Therapeutic applications of virtual reality

“In scientific research, virtual embodiment gives us many options for studying the relationships between our body and our senses or the brain,” said Bourdin. “For example, in one of our most recent projects, we manipulated people’s movements to alter what they were seeing in the virtual world. One of the things we discovered was that visual feedback is a dominant stimulus when it comes to establishing a person’s perception of where they are and how their body is moving, even causing them to make a stronger muscular effort,” he said.

Outside the lab, this and other studies have also led to all kinds of therapeutic applications.

Putting yourself in the other person’s shoes: From racism to abuse

As Seinfeld explained, “In one of the first virtual embodiment studies I was involved in, we put Caucasian people in a black person’s body and saw how this could affect their implicit racism.” Placing this avatar in a neutral or positive context tended to reduce the person’s implicit racism. Negative social contexts, on the other hand, for example, if the other avatars rejected them, usually led to higher levels of racism.

Seinfeld has also researched the use of virtual reality technology in rehabilitation therapy for people who have abused their partner or a child. The virtual embodiment experience designed for the study enabled abusers to see things from the victim’s point of view and feel as if they were the ones at the receiving end of the violence.

“This tool enabled us to work on their empathy. The results were quite positive: it improved subjects’ ability to recognize certain emotions, which in turn triggered some very interesting dynamics in other processes of their therapy,” she said.

Virtual reality, rehabilitation, and phobias

Virtual embodiment is increasingly being used as a motor rehabilitation resource. In some cases, it is used to simply give patients access to a more pleasant, entertaining, or motivating exercise environment. In others, virtual reality is used to encourage a greater effort or simulate better movement than that actually being achieved in order to reduce patient frustration.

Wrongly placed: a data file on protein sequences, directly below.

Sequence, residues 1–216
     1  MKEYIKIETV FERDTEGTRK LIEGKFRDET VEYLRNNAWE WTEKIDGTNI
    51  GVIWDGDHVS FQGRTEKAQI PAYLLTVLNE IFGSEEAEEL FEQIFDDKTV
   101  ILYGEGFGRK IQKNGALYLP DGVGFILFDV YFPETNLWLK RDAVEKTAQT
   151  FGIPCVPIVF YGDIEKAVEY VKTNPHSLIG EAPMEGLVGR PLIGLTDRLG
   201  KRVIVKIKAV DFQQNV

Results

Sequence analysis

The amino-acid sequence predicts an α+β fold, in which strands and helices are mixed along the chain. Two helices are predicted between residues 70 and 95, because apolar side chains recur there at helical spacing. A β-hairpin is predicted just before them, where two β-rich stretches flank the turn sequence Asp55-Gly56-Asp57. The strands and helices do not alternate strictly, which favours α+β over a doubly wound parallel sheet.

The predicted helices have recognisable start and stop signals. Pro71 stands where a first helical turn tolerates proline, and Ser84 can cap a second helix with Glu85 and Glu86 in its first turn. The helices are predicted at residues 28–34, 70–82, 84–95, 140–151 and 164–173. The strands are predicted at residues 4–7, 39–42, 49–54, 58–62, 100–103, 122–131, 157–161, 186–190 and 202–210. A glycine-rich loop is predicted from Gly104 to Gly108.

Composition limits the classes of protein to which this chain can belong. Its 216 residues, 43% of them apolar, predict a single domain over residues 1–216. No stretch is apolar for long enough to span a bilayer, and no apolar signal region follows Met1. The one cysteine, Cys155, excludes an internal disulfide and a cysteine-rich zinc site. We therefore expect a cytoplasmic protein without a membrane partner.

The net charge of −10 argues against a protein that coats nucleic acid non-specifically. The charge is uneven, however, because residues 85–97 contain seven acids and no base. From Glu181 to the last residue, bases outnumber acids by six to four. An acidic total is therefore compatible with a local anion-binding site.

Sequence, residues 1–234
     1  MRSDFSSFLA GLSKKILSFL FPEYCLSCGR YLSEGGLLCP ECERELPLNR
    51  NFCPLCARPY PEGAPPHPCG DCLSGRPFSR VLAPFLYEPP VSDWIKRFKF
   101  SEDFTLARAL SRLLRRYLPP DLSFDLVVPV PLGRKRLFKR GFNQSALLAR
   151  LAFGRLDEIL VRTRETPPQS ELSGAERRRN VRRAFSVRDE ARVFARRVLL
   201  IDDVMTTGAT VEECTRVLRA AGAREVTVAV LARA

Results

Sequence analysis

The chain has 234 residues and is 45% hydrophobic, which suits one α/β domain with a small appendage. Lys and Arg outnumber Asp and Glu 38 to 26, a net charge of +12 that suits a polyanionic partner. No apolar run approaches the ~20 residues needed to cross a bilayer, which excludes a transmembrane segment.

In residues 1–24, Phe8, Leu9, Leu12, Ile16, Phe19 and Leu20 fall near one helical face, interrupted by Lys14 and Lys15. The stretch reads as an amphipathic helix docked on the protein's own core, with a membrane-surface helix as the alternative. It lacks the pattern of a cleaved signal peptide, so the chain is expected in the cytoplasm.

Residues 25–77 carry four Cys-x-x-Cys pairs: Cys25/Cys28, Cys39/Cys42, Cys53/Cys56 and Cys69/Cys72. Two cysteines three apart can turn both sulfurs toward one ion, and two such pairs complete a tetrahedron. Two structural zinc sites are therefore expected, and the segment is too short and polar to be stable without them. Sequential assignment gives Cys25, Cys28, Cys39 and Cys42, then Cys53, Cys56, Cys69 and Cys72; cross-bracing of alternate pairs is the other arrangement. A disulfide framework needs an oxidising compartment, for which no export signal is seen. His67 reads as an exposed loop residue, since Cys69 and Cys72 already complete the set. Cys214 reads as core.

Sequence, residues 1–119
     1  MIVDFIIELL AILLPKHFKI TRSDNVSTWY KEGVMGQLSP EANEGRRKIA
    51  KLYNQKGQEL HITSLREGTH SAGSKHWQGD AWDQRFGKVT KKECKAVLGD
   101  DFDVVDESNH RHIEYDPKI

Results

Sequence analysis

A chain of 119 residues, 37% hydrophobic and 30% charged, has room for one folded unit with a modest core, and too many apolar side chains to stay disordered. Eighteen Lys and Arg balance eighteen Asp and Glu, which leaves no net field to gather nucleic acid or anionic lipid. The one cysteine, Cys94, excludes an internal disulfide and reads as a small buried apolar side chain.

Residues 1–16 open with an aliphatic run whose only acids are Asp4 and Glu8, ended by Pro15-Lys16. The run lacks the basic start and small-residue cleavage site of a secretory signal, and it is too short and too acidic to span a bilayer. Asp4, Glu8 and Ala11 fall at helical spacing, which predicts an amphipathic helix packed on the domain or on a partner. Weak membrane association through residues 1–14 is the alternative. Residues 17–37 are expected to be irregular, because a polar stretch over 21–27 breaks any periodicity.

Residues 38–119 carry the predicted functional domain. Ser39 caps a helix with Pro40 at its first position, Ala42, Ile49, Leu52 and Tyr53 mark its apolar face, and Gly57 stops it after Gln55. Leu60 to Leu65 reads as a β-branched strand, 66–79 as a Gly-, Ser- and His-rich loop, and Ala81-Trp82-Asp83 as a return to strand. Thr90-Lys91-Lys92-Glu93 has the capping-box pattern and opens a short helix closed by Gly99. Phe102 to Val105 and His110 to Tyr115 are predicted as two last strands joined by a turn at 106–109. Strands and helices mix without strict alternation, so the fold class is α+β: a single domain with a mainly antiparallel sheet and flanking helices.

Another common use is in cases of phantom limb syndrome, where a person can still feel a missing part of their body because their brain still has a physical representation of it. With virtual embodiment, these patients can see that limb again in a virtual environment, which has positive effects, such as reduced pain.

From a psychological point of view, virtual reality is also used to treat post-traumatic stress disorder and phobias. The benefit in this case is that the patient can be exposed to the stress trigger while retaining full control over the environment. So, for example, if a patient is scared of spiders, you can plan all kinds of interactions of varying intensities with virtual spiders, but with the ability to make them all disappear immediately if it becomes too hard for the patient.

“The great advantage of virtual reality, both in research and in therapy, is that you can define any situation that is useful for the scientist or therapist, which can range from stressful situations to moral dilemmas or existential issues, and test it. This is something that would be impossible in the real world,” said Bourdin.

The findings are published in the Journal of Cognitive Neuroscience.

More information: Charlotte Martial et al, Electroencephalographic Signature of Out-of-Body Experiences Induced by Virtual Reality: A Novel Methodological Approach, Journal of Cognitive Neuroscience (2023). DOI: 10.1162/jocn_a_02011

Journal information: Journal of Cognitive Neuroscience